Milk income lures Kutch youths to ‘restock’ camels

RAJKOT: Camels have sailed back into the reckoning in the Gujarat milk industry as a viable option. The newfound “asset label” has been luring Kutch youths like Nagji Rabari (25), a resident of Kanmer village of Rapar taluka to invest in a fleet of 40 camels in the last two years — animals bought all the way from Dwarka and Jamnagar districts too.

But that was not so until five years ago, when camels literally proved to be ‘white elephants’ for breeders in the arid land.

Nagji, son of a camel breeder, who used to drive commercial vehicles, had sold off their livestock five years ago, frustrated by the abominably low income camel milk fetched them. But, magic happened in the milk and spurred by a ‘new white revolution’ of sorts, camel milk sold at Rs 50 per litre, started fetching them anything between Rs 40,000 and 1 lakh every month.

Good prices inspired Nagji, and many more like him, to invest into camels again. And many camel breeders of the nomad community purchased camels from Jamnagar, Patan and Rajasthan in the last one year. According to a rough estimate 170 camels were brought to Kutch in the last one year.

Price of one camel is between Rs 35,000 and Rs 50,000 depending on the milk producing capacity. “When my father sold milk, he earned a paltry Rs 10-15 per litre from restaurant owners. But after Sarhad dairy started bulk procurement, we get Rs 50 per litre, which is a very profitable profession at present.”

And so did Sura Rabari from Beru village of Nakhatrana, who too realised the possibility of a good income and invested in 40 camels from Patan four months ago. “Out of 40, we sold a few. Only 100 camels have been brought to Nakhatrana taluka from other parts,” he said.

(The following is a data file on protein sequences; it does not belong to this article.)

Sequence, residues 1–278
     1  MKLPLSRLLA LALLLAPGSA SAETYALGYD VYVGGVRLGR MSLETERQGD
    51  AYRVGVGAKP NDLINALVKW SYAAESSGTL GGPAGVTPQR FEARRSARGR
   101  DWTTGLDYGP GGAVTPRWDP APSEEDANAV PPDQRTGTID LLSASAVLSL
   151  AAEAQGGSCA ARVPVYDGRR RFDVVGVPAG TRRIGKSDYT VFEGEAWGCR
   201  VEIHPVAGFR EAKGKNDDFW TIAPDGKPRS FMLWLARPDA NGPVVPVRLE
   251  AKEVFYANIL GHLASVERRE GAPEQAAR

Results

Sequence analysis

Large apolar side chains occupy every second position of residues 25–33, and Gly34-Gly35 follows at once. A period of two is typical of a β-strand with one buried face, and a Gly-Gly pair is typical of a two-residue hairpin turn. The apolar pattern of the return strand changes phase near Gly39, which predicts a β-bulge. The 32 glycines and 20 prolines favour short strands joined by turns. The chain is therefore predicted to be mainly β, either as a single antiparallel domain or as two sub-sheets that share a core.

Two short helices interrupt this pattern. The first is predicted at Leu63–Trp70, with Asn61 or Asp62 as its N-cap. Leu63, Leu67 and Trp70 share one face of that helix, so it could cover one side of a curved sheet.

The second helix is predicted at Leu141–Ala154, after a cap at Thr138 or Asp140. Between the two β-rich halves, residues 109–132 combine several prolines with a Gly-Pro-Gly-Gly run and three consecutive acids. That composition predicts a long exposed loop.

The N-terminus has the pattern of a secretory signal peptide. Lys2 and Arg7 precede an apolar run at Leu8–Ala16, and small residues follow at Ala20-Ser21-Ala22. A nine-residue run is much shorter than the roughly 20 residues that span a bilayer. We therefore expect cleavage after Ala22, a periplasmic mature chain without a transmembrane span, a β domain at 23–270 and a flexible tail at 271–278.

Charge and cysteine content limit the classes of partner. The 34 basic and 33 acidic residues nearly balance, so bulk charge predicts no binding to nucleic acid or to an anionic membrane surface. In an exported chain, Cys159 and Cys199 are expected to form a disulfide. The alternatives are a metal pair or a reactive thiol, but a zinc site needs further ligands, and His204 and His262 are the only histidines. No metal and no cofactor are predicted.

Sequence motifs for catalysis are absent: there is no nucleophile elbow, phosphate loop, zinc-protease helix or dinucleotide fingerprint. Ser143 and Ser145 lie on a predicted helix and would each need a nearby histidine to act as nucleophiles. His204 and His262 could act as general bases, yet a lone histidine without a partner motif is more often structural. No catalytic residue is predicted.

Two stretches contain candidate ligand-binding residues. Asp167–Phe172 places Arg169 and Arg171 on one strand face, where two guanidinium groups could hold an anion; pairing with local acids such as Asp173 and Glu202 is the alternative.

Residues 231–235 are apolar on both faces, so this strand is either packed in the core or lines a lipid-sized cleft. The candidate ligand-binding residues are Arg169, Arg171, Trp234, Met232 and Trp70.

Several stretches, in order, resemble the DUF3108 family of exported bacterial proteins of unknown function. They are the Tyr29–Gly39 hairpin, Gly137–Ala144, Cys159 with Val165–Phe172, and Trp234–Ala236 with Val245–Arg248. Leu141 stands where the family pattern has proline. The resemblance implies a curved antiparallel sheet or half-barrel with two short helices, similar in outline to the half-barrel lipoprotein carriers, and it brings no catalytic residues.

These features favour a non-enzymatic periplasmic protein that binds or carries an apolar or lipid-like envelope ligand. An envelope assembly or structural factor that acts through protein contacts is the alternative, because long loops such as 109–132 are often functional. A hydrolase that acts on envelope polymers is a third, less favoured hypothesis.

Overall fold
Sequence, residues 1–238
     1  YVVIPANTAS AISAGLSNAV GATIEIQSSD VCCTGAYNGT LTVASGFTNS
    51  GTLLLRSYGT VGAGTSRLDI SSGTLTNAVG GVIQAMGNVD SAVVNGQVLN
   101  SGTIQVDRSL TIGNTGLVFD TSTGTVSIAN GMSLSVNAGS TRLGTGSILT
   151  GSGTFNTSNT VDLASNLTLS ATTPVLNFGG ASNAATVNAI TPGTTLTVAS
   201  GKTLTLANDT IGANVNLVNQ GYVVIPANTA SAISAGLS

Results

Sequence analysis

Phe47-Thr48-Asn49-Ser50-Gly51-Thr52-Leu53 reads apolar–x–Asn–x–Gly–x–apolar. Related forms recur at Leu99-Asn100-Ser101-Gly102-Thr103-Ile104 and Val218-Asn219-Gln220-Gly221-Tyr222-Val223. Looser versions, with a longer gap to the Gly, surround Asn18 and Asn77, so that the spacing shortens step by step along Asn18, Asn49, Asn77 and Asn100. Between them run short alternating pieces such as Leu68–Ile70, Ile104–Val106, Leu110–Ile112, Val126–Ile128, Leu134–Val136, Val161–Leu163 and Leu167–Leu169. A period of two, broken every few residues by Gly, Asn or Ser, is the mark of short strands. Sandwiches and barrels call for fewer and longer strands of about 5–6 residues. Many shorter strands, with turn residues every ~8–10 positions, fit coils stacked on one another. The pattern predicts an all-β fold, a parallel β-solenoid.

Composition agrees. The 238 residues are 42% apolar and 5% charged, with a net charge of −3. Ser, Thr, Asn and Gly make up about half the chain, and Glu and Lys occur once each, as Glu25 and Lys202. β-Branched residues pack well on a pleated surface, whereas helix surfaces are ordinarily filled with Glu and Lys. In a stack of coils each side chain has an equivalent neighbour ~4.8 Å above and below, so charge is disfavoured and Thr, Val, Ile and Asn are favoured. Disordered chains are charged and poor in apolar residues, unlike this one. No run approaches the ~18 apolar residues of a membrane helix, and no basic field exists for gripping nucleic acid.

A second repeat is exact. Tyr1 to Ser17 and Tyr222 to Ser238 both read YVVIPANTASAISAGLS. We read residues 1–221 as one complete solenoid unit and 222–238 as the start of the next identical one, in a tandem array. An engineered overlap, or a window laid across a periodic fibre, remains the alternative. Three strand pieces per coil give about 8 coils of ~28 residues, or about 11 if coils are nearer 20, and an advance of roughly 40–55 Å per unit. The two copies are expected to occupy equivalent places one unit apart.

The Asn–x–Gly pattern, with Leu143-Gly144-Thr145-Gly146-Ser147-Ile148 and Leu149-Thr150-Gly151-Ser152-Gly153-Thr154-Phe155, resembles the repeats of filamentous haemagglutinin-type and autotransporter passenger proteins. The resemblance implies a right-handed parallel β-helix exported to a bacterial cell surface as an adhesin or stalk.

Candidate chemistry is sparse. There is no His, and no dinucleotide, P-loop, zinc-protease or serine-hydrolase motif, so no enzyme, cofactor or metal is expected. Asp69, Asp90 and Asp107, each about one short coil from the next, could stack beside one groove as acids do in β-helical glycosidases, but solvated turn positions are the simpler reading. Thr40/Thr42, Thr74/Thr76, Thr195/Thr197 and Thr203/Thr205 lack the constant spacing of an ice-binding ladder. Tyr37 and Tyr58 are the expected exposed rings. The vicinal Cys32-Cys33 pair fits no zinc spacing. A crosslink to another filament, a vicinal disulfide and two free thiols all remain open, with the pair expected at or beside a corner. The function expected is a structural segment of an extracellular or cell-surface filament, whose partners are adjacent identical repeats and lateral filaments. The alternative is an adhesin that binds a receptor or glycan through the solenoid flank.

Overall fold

“There are 18 youths who left other professions to join camel breeding after finding it lucrative. Even those who had sold off their fleet are now purchasing new milch camels,” said Mahendra Bhanani, camel programme coordinator of Sahjeevan, a voluntary organization.Some like Asha Rabrai of Daban village in Nakhatrana even sold off his cows to buy 15 camels recently.

Sarpanch of Gagan village,Hira Rabari, who himself brought 40 camels and sold 15, said, “We have a cooperative structure which should give us loans at low interest to buy camels.”

Meanwhile, India’s first co-operative society of camel breeders, which was formed a few years ago and now defunct, has been revived after milk started gaining local interest. The union created two milk collection centres and brought machinery to examine fat and other standards of the milk which it sells to Sarhad dairy. The dairy procures around 3,000 litres every day and pays Rs 51 per litre.

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